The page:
Just Say “Row!”
The water under the Rexford Bridge is smooth as glass. There isn’t a hint of wind. Above the water, the commuter rush is backed up on the bridge spanning the Mohawk river. It’s a perfect afternoon for rowing.
The idling cars are only 30 feet over his head, but they could be a million miles away as far as Matt Hopkins is concerned. Hopkins, the varsity crew coach at Niskayuna High School, has his mind and eyes on the long, slim racing shell just ahead of the motorboat.
As the graceful form knifes through the water, the student coxswain and crew concentrate on achieving perfect rowing rhythm, the unanimity of effort that rowers call “swing.”
“It’s definitely a very unique team experience,” says Hopkins, who guides the team with novice coach Nan Kuntz.
“There are no high scorers. You can’t have someone who runs away with the ball and wins it for you. Everyone crosses the line at the same time – big, small, weak, or strong.”
Hopkins feels it is that chance for team identity that has attracted many of the students on the 70-strong Niskayuna squad.
“The level of teamwork that we require demands some pretty incredible self-sacrifice,” he says.
Team members practice at least three hours a day, five days a week. Racing meets are all-day affairs. Rowing is also strenuous. It’s one of the few sports in which all muscle groups are used.
Rower’s feet remain stationary in shoes that are mounted on “stretcher” racks bolted to the hull. The seats slide back and forth on rails, and it’s this arrangement that lets the legs supply 70 percent of the power that propels the boat.
It also makes for an exhausting workout. “What every race boils down to is which group of people can take the most pain and keep going,” says Hopkins. “By the end of a 1500 meter race, if everything is going according to plan, each rower has exhausted their aerobic capacity”.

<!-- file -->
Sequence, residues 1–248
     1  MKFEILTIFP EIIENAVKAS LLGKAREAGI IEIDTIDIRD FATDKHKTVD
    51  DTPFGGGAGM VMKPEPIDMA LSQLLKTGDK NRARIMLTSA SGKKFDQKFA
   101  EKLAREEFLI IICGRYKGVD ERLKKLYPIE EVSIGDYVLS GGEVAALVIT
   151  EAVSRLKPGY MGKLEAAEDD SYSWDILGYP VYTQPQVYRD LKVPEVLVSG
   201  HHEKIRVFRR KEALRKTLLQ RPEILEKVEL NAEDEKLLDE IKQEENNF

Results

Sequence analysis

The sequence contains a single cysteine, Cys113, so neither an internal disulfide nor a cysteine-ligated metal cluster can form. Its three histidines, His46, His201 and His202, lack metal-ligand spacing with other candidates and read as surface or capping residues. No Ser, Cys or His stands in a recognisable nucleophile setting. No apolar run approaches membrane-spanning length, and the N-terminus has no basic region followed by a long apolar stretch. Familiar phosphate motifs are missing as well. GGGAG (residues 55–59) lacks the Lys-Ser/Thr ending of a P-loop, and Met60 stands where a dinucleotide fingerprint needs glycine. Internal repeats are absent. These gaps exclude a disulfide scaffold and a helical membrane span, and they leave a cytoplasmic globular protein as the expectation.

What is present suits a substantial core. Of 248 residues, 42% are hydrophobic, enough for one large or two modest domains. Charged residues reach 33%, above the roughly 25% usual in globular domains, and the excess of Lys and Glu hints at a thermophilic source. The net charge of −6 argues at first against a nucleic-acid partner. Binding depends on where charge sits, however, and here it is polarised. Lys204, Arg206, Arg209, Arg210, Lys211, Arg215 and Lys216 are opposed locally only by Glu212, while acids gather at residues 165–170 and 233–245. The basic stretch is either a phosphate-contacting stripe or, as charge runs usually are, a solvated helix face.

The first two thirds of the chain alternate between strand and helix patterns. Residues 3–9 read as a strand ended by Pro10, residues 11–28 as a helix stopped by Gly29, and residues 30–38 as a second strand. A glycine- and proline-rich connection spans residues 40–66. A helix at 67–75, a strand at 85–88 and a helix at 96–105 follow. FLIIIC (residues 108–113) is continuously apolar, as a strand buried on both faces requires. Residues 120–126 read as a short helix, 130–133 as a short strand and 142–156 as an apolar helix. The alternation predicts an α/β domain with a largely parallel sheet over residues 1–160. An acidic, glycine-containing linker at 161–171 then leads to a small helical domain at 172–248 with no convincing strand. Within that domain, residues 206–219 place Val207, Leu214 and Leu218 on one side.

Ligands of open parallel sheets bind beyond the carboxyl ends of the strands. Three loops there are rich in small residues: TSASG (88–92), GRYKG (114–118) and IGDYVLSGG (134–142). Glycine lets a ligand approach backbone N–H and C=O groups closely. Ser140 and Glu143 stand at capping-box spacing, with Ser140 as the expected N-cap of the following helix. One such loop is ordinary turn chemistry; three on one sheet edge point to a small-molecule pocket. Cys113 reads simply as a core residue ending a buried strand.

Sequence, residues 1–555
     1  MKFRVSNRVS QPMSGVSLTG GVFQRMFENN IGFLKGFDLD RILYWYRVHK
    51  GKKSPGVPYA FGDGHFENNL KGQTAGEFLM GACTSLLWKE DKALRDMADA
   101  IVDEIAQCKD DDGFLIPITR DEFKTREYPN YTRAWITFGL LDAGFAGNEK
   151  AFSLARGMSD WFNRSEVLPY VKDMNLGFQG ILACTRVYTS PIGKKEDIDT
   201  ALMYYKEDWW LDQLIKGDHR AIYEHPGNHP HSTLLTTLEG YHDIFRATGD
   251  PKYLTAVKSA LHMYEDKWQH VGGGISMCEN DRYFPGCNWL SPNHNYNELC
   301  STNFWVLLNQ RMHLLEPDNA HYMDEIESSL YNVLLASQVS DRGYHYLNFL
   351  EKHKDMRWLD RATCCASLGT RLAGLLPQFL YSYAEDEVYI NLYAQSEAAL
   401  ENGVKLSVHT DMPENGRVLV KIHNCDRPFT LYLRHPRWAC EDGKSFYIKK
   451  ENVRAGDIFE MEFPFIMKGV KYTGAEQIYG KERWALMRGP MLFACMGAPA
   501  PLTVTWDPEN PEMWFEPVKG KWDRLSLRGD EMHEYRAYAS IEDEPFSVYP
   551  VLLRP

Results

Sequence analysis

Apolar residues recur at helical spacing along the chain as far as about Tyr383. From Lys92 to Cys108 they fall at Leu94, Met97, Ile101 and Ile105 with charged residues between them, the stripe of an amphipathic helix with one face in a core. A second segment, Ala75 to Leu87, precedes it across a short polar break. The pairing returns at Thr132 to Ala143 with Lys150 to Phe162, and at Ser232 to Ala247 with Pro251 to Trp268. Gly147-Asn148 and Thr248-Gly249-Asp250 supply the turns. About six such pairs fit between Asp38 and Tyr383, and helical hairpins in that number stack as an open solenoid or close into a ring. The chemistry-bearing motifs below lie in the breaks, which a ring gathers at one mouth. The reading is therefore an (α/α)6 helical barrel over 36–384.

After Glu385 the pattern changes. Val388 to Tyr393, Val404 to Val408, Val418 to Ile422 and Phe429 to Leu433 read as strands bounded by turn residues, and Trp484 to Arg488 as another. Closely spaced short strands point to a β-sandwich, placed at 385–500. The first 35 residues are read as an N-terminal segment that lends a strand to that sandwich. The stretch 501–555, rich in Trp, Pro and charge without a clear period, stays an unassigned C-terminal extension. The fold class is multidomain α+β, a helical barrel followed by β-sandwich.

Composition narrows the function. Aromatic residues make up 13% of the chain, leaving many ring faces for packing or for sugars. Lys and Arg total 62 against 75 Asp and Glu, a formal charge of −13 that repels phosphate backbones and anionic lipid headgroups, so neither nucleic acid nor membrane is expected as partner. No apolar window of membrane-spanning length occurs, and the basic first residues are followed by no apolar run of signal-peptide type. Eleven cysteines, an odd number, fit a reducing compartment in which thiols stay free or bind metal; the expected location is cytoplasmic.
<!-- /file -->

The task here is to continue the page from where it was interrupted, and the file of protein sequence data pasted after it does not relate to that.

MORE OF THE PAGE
There are also costs that time and athletic ability will not cover. Funds must be raised to buy equipment. A fully equipped eight-man shell can cost $15,000.
The hull and oars of the boats are a composite of high-tech carbon fiber and fiberglass. In the stern, an electronic “cox box” helps the coxswain guide the boat with a combination amplifier, timer, and stroke meter. A headset microphone and small speakers let the coxswain talk to the crew as they row.
“I have never heard a coxswain yell ‘Stroke’,” says Hopkins with a chuckle, debunking one of the sport’s most common myths. “That’s something that people yell from trucks going over the bridge.”
Niskayuna’s club depends upon its parent organization for fund raising and equipment. A team without supportive parents won’t last long. Outside of the team, recognition has been mixed since the group was organized, according to Hopkins.
“The school administration understands and appreciates us very much,” he says “But I would bet that most of the kids on campus don’t know where the boathouse is.”
But recognition, he adds, is not what attracts participants to crew racing. The grace, strength, and romance of the sport are highlighted when he occasionally looks up at the bridge overhead.
“I am really, really grateful every time I go under that bridge and see all those commuters piled up there, coming from flourescent-lit offices,” says Hopkins.
“I’m so grateful I’m down here in a beautiful place, amidst beautiful boats, full of people striving for greatness.”
“That’s really what it is.”